Have you ever heard of the fight-or-flight response? When you experience stress, your body is essentially being “attacked”. As your body prepares to either fight the perceived stressor or flee from it, the sympathetic nervous system becomes activated. What is interesting here, is that your body can’t actually tell the difference between types of stressors1,3. Are you stuck in a bad traffic jam? Are you experiencing relationship issues? Or is it something as drastic as being chased by a lion or bear? The fight-or-flight response is our main survival mechanism, so each time we are faced with any stressor, our body becomes solely concerned with fighting or fleeing from the perceived threat1 (“freezing” has also recently been studied as one of the biological responses to acute stress2).
Cortisol is a glucocorticoid hormone that is secreted by the adrenal glands when the body experiences stress, which is why it is also known as the “stress hormone”. Cortisol secretion is controlled by the hypothalamus, pituitary gland, and the adrenal gland, commonly referred to as the HPA axis. The HPA axis activates the sympathetic nervous system and the stress response. When the hypothalamus releases corticotropin-releasing factor, this hormone binds to receptors on the pituitary gland. This stimulates the release of adrenocorticotropic hormone, which then binds to receptors on the adrenal gland, which ultimately releases cortisol3-4. Excessive levels of cortisol in the body can negatively impact many of the body’s systems and has a significant effect on the digestive system1,3.
During the stress response, cortisol aids in moving blood flow towards the brain, large muscles, and limbs rather than towards the digestive tract. Therefore, our body is not concerned with digestion, and actually suppresses it in this mode. On the other hand, the parasympathetic nervous system stimulates the rest-and-digest response. When the body goes into fight, flight, or freeze mode, digestion essentially shuts down3. This can be a huge issue for someone who is constantly experiencing stress. If the body is constantly in a stressful state and cortisol levels remain extremely elevated, problems with the digestive system may arise3,5.
Stress negatively affects gut motility. In some cases, constipation can occur, meaning the system is unable to rid itself of waste, leading to bloating, gas, and/or stomach pain. It can also lead to development or exacerbation of various gastrointestinal disorders such as IBS, IBD, GERD, and more.
Stress can also cause diarrhea, brought on by food moving too quickly through the digestive system. This results in nutrient malabsorption which can lead to nutrient deficiencies. As mentioned previously, the decrease in overall blood flow during the stress response causes metabolism to slow down. Thus, if you eat while you’re stressed, such as too fast or too much in a given period of time, this reduces your metabolism3,4-5.
Additionally, stress can adversely affect intestinal permeability. Normally, the intestinal epithelial lining functions as a barrier, prohibiting the passage of toxins, antigens, and harmful bacteria from entering through the gut lumen. This blocks pathogens from entering into the bloodstream. In the state of stress, the production of corticotropin-releasing hormone by the hypothalamus directly affects the intestinal lining as it increases permeability. Pathogens are able to move through, leading to a term you may have heard called, “leaky gut”. Leaky gut can consequently result in inflammation and irritation of the mucosal lining1,4-5.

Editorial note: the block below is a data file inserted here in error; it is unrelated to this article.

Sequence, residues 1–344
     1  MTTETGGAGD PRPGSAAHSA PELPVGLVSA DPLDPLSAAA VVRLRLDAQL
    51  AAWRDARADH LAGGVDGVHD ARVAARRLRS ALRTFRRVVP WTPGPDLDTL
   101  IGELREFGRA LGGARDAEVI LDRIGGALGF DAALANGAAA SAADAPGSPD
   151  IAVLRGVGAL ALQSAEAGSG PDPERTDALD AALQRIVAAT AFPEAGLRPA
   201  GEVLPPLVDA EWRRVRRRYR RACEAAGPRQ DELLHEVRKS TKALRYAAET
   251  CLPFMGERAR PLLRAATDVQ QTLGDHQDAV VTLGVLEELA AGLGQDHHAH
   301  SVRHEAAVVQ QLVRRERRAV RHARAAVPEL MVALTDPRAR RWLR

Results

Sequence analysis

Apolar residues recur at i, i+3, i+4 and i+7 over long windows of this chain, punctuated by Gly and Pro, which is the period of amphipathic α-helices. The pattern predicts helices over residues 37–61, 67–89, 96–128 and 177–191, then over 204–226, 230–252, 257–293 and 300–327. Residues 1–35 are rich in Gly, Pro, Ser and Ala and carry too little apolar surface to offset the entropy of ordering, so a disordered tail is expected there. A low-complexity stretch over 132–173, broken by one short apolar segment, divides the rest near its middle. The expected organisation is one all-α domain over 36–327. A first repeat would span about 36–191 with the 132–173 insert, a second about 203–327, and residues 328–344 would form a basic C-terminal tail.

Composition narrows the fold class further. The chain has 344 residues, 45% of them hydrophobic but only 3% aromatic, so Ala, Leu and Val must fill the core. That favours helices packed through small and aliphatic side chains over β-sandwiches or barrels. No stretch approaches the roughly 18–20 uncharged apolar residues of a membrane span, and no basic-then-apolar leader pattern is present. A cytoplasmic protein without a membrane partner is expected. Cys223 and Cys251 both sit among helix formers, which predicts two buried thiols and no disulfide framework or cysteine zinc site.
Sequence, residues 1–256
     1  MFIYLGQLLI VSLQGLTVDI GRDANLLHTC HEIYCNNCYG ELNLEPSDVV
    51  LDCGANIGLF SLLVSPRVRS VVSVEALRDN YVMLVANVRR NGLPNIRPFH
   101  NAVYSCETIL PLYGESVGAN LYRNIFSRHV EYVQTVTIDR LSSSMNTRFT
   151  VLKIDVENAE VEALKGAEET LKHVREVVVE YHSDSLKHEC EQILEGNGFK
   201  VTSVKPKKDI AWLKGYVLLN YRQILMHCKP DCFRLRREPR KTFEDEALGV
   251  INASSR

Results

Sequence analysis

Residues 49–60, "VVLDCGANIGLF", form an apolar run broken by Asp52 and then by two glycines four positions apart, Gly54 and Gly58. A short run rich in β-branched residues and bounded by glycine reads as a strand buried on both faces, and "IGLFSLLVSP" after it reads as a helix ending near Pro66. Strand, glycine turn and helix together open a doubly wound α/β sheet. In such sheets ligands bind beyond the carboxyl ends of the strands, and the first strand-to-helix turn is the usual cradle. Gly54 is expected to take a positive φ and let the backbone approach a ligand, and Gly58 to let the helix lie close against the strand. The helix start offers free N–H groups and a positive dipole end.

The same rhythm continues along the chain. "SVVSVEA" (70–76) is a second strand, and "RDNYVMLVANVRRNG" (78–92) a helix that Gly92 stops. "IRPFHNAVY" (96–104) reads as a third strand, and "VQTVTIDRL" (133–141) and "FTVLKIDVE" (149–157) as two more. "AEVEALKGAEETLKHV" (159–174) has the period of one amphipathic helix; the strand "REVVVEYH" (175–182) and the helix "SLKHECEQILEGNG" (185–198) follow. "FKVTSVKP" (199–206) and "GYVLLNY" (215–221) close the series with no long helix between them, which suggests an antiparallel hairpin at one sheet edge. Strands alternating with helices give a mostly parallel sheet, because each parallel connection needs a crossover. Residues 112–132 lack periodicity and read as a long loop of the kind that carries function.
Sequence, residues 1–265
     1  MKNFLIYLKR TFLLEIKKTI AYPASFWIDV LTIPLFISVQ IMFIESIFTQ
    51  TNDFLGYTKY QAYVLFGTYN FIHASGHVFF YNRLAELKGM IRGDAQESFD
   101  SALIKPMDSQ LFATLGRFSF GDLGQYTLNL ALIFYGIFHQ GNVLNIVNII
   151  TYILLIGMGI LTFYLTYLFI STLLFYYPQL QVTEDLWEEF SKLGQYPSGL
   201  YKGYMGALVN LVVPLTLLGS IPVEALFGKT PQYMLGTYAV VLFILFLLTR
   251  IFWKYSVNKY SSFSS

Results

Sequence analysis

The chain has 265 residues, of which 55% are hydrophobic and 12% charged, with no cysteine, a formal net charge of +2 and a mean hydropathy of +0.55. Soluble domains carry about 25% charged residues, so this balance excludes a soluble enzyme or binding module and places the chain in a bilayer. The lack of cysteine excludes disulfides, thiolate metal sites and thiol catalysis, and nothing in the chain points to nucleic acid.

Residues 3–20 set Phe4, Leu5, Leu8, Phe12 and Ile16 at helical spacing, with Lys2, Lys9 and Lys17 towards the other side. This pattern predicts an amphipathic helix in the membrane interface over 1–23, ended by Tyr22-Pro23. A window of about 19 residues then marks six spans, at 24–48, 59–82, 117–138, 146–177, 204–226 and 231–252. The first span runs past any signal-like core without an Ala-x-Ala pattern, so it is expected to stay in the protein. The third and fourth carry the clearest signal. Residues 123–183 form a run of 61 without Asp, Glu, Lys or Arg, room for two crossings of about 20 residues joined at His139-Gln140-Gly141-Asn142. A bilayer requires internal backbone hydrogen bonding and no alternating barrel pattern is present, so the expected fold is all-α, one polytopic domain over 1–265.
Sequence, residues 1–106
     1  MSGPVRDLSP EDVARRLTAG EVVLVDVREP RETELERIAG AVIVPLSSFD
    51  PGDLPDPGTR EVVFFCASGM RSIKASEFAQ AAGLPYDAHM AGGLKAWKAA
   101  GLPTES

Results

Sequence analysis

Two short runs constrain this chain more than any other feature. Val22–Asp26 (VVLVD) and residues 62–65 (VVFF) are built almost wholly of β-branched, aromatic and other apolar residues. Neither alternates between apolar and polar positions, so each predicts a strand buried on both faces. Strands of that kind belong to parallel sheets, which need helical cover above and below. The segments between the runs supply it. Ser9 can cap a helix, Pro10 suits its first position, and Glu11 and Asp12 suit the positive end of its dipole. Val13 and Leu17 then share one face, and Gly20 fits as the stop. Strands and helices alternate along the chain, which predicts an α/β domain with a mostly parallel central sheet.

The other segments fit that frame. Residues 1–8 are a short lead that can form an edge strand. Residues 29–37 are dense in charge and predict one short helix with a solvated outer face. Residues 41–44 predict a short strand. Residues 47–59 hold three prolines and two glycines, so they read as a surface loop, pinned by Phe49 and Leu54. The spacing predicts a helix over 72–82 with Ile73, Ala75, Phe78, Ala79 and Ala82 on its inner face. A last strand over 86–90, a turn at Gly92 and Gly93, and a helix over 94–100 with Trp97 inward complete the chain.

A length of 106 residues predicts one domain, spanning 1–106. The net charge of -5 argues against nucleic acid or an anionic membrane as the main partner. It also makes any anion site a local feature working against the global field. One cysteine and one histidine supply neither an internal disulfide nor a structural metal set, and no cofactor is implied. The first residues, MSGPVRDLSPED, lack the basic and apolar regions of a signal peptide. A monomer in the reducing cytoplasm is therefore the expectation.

Stress also has a direct effect on the gut microbiome. It causes an imbalance of good and bad bacteria, as much of the good bacteria is wiped out by the sympathetic nervous system. The gut microbiome plays a large role in the immune system. The gut mucosal immune system acts as a protective barrier for the intestinal tract. If there are pathogenic bacteria present in the gut microbiome and/or not as many good bacteria, this leads to immunity dysfunction and the development of disease1,4-5.
Maintaining your digestive health is important as it reduces risk for development of gastrointestinal disorders. Plus, it can improve your immune health as well, since the majority of your immune system is housed in your gut! It’s extremely important to explore stressors, and work to lower your perception of stress, to ultimately keep your digestive system healthy. Taking the time to do this will lead to benefits such as improved digestion and nutrient absorption, as well as reduce your risk for the development of various GI disorders1,3.
If you are concerned about your stress levels and how your health may be impacted by it, schedule an appointment with one of our nutritionists today.
Written by Leila G., student intern, James Madison University
- Does Stress Cause Digestive Problems? KelseyKinney Website. https://kelseykinney.com/does-stress-cause-digestive-problems/. Accessed October 25, 2018.
- Schmidt N, et al. Exploring Human Freeze Response to a Threat Stressor. Journal of Behavior Therapy and Experimental Psychology. 2008;39(3): 292-304.
- Cortisol — Its Role in Stress, Inflammation, and Indications for Diet Therapy. Today’s Dietitian. https://www.todaysdietitian.com/newarchives/111609p38.shtml. Published November 2009. Accessed October 25, 2018.
- Glucocorticoids. Colorado State University Vivo Pathophysiology Web site. http://www.vivo.colostate.edu/hbooks/pathphys/endocrine/adrenal/gluco.html. Accessed October 20, 2018.
- Konturek PC, Brzozowski T, Konturek SJ. Stress and the gut: pathophysiology, clinical consequences, diagnostic approach and treatment options. J Physiol Pharmacol. 2011;62(6):591-9.
- Huerta-Franco MR, Vargas-Luna M, Tienda P, et al. Effect of occupational stress on the gastrointestinal tract. World J Gastrointest Pathophysiol. 2013;4(4):108-118.